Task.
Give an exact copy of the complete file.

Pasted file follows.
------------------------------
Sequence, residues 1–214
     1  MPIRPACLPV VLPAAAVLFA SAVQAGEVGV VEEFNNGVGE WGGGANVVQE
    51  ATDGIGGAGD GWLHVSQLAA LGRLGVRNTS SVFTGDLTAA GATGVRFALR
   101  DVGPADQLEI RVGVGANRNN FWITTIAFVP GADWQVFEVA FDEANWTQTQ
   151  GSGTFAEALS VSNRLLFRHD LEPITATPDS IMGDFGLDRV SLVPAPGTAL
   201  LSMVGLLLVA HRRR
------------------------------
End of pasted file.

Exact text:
Sequence, residues 1–214
     1  MPIRPACLPV VLPAAAVLFA SAVQAGEVGV VEEFNNGVGE WGGGANVVQE
    51  ATDGIGGAGD GWLHVSQLAA LGRLGVRNTS SVFTGDLTAA GATGVRFALR
   101  DVGPADQLEI RVGVGANRNN FWITTIAFVP GADWQVFEVA FDEANWTQTQ
   151  GSGTFAEALS VSNRLLFRHD LEPITATPDS IMGDFGLDRV SLVPAPGTAL
   201  LSMVGLLLVA HRRR